The proposed goal of this research was to take the data gathered and implement it in analyzing the potential reformation of programs in need of evaluation, assessing the potential benefits of further development in the field of bilingual education in the United States as a nation. Using data collected in the Central Florida region as a microcosmic example of how existing programs function in the modern elementary educational system, the purpose of this study was to demonstrate through the conduction of interviews with local teachers and currently available research that a more suitable standard for bilingual education is both necessary and valuable for our school systems and for the future of our students as productive and capable adults. As a survey of the current state of bilingual education in Central Florida elementary schools, this research sought to establish a clearer panoramic view of the ways in which our system is perceived as observed directly through those participating and facilitating it firsthand in local classrooms. Classroom observations and data gathered from educational professionals within the participating elementary school system, inclusive solely of those implementing a bilingual program as a method of assimilation for a high population of Spanish-speaking students transitioning to a targeted language of English, were the primary basis of this research, supplemented by existing psychological and educational research in the field of language acquisition and development in young children. Results have suggested that current methods of bilingual instruction are based upon the integrated standards of three existing models: transitional bilingual education, immersion, and English as a Second Language.; The three appeared to be functioning in such a way that does not fully allow for a wide range of learning needs to be met, and that furthermore does not fully support a directed initiative toward a future in consistently dynamic and progressive research in the bilingual field, such that a standardized system flexible enough to encourage the needs of a diverse population might be realized. With further standardization and research, bilingual education might itself become a standard of American education for all students, native and non-native.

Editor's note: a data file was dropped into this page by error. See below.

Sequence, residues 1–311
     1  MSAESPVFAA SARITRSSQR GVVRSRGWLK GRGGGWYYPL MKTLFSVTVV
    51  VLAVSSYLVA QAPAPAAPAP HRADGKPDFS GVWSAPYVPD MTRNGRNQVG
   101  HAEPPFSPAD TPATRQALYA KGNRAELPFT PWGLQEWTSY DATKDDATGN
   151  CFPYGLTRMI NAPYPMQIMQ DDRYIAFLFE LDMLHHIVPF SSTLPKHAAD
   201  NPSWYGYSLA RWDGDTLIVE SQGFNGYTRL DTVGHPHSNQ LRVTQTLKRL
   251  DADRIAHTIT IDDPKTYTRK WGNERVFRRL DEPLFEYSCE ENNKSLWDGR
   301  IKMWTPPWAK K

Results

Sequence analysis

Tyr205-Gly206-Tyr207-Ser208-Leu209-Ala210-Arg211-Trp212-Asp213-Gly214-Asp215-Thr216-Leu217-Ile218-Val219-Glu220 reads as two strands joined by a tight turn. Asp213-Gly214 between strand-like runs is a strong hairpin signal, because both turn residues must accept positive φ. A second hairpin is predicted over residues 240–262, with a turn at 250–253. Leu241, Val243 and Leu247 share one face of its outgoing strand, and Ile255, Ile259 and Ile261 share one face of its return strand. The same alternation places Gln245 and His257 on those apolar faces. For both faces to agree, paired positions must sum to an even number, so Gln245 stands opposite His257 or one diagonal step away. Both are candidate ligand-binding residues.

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Thesis Completion





Garcia, Martha


Bachelor of Arts (B.A.)


College of Arts and Humanities

Degree Program

Modern Languages and Literatures


Arts and Humanities -- Dissertations, Academic; Dissertations, Academic -- Arts and Humanities







Access Status

Open Access

Length of Campus-only Access


Document Type

Honors in the Major Thesis